Support member 48 includes a first contact positioning rib 66 extending along the length of the member 48 between the two rows of contact alignment passages and projecting above the passages. A second contact positioning rib 68 extends along the length of the support member 48 between the inner row 57 of passages and recess 44. Contact alignment fingers 70 are spaced along the top of rib 68.
Wire contacts 16-30 are mounted on insert member 12 as shown in FIG. 7 with the lower ends of the wire contacts extending through the openings at the bottoms of the alignment passages to form contact pins. Each wire contact includes an intermediate portion 71, shown in FIG. 1, extending from a pin on the bottom of the jack to the top of the support member 48. Each wire contact is bent around the top of the support member 48, fitted in a space between a pair of fingers 70 and then extends downwardly into plug recess 44. The inner ends of the wire contacts angle into the recess and form cantilever contacts or ends 69. Insertion of a plug into recess 44 bends the cantilever contacts toward the support member 48 to form electrical connections with contacts carried by the plug.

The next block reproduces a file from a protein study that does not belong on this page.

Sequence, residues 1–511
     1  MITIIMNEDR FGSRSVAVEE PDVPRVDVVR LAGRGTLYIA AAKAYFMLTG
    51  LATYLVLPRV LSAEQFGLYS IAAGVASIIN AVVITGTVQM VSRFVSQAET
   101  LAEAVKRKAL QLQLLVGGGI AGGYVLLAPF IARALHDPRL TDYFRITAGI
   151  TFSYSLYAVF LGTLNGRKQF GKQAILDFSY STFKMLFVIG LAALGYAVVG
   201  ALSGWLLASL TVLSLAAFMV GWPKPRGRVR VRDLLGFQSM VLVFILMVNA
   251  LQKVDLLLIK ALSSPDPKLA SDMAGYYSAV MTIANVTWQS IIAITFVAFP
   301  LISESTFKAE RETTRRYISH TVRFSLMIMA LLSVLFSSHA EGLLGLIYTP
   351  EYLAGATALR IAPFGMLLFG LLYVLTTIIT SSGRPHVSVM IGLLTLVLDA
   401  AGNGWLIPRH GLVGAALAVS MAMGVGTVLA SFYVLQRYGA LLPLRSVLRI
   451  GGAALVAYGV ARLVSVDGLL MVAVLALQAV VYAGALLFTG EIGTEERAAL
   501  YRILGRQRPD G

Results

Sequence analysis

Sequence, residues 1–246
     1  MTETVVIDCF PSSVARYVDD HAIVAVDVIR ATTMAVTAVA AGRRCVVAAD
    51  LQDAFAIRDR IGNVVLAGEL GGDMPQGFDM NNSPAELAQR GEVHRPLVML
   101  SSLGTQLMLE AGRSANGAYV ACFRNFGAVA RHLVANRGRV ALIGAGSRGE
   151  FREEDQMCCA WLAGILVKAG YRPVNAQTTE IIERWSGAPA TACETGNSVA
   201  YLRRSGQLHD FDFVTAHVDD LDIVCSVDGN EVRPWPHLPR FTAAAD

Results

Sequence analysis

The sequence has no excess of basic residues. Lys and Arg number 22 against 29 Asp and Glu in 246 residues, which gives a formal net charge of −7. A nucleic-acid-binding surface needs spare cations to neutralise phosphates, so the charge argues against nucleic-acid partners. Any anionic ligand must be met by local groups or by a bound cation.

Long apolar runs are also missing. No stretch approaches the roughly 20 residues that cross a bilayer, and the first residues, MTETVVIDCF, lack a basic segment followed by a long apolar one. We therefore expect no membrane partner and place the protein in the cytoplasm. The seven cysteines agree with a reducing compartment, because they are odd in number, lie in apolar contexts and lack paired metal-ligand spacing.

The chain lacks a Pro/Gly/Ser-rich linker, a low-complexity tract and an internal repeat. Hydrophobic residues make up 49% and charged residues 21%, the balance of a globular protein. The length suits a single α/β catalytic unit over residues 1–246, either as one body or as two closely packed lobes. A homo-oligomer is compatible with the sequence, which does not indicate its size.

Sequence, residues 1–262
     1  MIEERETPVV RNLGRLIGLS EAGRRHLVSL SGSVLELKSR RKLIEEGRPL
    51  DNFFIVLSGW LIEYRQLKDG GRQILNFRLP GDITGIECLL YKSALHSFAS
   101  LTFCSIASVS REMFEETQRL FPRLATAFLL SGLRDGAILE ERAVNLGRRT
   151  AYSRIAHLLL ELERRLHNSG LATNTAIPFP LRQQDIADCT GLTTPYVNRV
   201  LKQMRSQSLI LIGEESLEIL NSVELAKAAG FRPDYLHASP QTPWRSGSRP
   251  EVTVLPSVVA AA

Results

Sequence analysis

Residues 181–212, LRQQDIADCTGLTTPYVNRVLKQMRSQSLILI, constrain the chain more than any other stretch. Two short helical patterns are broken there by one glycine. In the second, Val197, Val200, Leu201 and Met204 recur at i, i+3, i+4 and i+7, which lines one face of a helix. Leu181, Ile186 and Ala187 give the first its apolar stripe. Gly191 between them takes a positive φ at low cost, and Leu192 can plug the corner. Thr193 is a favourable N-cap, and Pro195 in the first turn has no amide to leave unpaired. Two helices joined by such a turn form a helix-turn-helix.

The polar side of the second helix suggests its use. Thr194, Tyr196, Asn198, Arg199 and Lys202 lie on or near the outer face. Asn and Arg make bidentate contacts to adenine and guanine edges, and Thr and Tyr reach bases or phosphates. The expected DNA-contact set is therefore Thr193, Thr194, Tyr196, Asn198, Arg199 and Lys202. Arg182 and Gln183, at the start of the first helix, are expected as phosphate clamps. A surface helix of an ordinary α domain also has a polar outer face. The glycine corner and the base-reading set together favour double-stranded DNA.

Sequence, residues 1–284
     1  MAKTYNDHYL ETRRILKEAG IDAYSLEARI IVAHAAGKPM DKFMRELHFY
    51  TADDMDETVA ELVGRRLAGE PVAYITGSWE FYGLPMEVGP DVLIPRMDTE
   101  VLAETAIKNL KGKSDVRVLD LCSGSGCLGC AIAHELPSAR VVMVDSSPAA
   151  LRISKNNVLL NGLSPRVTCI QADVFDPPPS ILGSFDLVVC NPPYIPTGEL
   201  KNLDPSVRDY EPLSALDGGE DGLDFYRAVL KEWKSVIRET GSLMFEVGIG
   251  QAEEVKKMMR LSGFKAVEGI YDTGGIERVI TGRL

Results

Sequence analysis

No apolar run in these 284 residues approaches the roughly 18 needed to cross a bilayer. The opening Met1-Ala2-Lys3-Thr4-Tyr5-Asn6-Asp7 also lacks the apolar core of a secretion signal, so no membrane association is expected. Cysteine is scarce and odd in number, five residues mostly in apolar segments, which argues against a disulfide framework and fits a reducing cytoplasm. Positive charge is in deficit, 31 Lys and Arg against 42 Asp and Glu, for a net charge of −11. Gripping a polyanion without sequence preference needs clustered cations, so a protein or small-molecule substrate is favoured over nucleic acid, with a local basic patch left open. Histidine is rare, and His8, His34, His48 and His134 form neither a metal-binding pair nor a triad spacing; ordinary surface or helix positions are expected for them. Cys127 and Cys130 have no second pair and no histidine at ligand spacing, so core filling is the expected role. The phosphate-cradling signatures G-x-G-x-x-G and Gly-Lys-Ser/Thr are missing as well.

Wire contact 16 is inserted in alignment passage 58 to form pin 72 projecting below base 46. Contact 16 extends upwardly from passage 58, is bent around rib 68, extends between two fingers 70 and is angled down from the rib 68 to form a cantilever contact 69.